Putting the citizen at the centre of health and care re-design.The European Commission has set up a task force bringing together technology and health policy makers.
Authors: Roberto Viola (Director General DG Connect) / Xavier Prats Monné (Director General DG Sante)
Europe faces a major challenge with the sustainability and quality of health and care provision, as a consequence of demographic change and improvements in medical treatment. Public expenditure on health and long-term care has been increasing over the last decades in all EU Member States, and is expected to rise even further as a consequence of an ageing population. In 2015, it accounted for 8.7% of GDP in the EU and could reach up to 12.6% of GDP in 2060, according to the European Commission’s Joint Report on Health Care and Long-term Care Systems and Fiscal Sustainability.
The Commission Communication on effective, accessible and resilient health systems concluded that Member States’ future ability to provide high quality care to all will depend on making health systems more resilient, more capable of coping with the challenges that lie ahead. And they must achieve this while remaining cost-effective and fiscally sustainable.
Digital technology can improve health and care provision, allowing citizens to live longer and more healthy life years (HLYs) and it can help innovating the way we deliver and receive health and care services.
Digital technology will redefine health and care
Digital technologies such as 4G/5G mobile communication, artificial intelligence or supercomputing offer new opportunities to transform healthcare systems. They enable new approaches to personalised medicine, independent living or integrated health and social care, accelerating scientific progress, early diagnosis of diseases and more effective treatments.
Technological innovations and their large-scale implementation bring along changes in service delivery and redefine healthcare. Disruptive change is a key driver for the future according to the Commission Expert Panel on effective ways of investing in health. But the Panel underlined that disruptive innovations must also respect values of universality, equity and solidarity while delivering high quality, effective and safe health services.
But what does this transformation mean for every one of us in our daily lives?
Scientific advances translate into better results for people
Personalised medicine enabled by data analysis will benefit every citizen. Disease management supported by health data analytics will lead to drug therapies that are more effective, with less adverse effects and that can ensure improved quality of life. Physicians also increasingly embrace therapies supported by data analytics, which will minimize trial-and-error diagnosis and treatment, with benefits for providers and recipients of health and care services.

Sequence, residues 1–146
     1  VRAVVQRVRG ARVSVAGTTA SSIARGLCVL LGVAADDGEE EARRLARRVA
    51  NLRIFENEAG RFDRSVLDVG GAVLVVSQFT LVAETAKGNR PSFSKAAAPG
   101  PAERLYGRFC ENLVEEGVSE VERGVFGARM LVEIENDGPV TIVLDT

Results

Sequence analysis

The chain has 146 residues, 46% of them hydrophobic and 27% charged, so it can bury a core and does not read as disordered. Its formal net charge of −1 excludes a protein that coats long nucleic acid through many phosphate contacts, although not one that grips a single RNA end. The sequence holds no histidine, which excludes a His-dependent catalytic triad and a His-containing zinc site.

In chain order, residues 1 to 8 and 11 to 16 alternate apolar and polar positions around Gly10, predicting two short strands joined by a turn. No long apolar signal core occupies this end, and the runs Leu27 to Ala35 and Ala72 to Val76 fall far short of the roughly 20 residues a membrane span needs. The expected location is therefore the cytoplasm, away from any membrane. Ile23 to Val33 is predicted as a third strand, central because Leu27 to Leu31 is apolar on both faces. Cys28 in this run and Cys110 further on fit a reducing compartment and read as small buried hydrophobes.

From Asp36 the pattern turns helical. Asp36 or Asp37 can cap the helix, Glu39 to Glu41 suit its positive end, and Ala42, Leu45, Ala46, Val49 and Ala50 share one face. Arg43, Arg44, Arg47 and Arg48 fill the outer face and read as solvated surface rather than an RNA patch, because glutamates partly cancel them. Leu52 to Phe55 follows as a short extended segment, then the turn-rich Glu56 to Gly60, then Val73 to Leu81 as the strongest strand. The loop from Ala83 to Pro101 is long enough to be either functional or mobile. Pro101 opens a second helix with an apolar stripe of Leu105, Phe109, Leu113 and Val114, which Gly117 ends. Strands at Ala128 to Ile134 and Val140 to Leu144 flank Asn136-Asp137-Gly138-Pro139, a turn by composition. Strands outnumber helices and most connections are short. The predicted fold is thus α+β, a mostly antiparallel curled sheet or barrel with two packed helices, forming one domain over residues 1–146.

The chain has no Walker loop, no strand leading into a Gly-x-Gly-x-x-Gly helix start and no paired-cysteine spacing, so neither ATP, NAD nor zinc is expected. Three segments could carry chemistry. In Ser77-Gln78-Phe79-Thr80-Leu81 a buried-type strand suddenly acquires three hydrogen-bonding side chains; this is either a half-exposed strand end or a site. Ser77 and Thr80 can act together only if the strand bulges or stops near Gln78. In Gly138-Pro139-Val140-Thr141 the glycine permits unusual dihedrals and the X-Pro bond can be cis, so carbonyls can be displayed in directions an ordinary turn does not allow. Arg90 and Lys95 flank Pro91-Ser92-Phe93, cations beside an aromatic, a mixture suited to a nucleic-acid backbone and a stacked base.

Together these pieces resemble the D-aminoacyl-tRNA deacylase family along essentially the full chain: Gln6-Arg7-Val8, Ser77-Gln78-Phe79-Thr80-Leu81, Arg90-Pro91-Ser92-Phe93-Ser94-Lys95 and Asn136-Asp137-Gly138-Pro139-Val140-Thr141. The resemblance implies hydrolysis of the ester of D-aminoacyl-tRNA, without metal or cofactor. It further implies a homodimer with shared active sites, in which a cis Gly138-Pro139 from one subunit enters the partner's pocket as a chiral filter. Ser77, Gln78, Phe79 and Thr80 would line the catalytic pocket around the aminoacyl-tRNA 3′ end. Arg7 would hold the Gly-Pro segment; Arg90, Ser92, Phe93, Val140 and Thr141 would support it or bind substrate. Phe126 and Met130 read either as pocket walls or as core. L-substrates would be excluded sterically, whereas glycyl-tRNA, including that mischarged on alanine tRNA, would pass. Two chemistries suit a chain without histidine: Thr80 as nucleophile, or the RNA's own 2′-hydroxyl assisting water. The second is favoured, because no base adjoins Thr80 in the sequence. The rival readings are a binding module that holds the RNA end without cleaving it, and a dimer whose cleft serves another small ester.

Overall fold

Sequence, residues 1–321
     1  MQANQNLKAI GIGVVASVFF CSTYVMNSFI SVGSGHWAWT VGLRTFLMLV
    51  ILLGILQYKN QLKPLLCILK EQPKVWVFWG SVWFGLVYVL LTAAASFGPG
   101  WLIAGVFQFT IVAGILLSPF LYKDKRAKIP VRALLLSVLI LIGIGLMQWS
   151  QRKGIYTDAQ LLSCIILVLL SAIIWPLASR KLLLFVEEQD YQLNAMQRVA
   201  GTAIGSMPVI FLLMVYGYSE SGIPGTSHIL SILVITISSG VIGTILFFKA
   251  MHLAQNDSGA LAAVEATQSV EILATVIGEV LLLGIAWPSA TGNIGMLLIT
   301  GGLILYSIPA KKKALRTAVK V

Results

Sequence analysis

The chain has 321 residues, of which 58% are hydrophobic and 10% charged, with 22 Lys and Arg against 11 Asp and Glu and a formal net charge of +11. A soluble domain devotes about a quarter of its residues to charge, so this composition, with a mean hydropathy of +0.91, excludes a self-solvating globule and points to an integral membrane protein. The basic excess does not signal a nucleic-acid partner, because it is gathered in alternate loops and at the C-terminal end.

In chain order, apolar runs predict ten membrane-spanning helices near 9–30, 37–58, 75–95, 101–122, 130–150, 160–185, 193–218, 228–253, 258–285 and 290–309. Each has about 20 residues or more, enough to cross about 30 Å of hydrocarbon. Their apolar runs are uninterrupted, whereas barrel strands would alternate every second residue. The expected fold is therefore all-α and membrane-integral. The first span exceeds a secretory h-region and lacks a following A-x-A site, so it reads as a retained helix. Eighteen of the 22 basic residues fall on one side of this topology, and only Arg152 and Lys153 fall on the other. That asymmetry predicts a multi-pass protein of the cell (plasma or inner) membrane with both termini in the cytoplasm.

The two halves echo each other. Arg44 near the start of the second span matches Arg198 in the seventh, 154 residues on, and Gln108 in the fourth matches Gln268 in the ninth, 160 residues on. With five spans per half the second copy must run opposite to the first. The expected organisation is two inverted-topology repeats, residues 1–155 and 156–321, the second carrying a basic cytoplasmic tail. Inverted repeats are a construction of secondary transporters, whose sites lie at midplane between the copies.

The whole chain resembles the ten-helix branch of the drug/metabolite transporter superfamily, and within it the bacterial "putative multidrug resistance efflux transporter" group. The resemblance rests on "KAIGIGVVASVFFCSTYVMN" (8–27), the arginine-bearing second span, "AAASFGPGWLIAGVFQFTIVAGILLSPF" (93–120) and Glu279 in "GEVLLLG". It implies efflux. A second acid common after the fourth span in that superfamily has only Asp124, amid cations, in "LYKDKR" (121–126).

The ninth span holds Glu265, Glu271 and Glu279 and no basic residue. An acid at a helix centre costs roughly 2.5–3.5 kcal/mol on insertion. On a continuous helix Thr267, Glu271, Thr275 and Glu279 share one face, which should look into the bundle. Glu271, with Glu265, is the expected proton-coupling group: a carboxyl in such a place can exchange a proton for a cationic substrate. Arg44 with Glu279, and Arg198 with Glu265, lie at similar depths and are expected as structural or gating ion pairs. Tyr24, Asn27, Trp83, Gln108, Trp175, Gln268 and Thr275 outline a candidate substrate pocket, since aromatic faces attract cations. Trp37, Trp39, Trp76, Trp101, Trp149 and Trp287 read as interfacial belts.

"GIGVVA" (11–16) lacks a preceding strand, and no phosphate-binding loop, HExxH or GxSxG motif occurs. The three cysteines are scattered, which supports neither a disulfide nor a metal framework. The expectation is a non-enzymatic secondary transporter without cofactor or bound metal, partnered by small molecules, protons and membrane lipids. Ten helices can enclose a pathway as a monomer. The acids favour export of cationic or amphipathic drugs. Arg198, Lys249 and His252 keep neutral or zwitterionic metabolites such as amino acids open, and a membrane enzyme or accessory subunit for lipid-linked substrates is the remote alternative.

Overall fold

Supercomputing (also called High Performance Computing) already provides early detection of tumours in a simple, quick and precise way. In some cases, early detection is now possible in a few hours, whereas just 10 years ago it would have taken days or weeks, and in other cases would have been virtually impossible. Data analytics enabled by supercomputing allow for early diagnosis of genetic disorders leading to more effective (and timely) treatment and saving lives.
Innovation enables “people-powered” health and care provision
Health is more than medicine: it is about people helping themselves and helping other people. It is about dispersed health and care networks that work together in the interests of the citizen and it is about using people to re-design their own health and care services. Evidence shows that digital technology increasingly helps health and care professionals tapping into the wealth of information and skills in communities and to capitalise on this experiential knowledge for managing health conditions or maintaining healthy lifestyles.
Digitisation of health and care services can also improve patient-experience, and empower each of us to look after our own health. ICPNN, a digitally-enabled integrated care programme in the Netherlands, provides integrated health and community care support for adults over 75 living at home. It allows citizens to age in their own community for as long as possible and with as much involvement in the management of their own care process. In a period of two years, this programme led to a decrease of between 37% and 47% in consultations related to ageing-related problems (chronic conditions), and an equivalent increase in the perceived sense of wellbeing by the elderly population.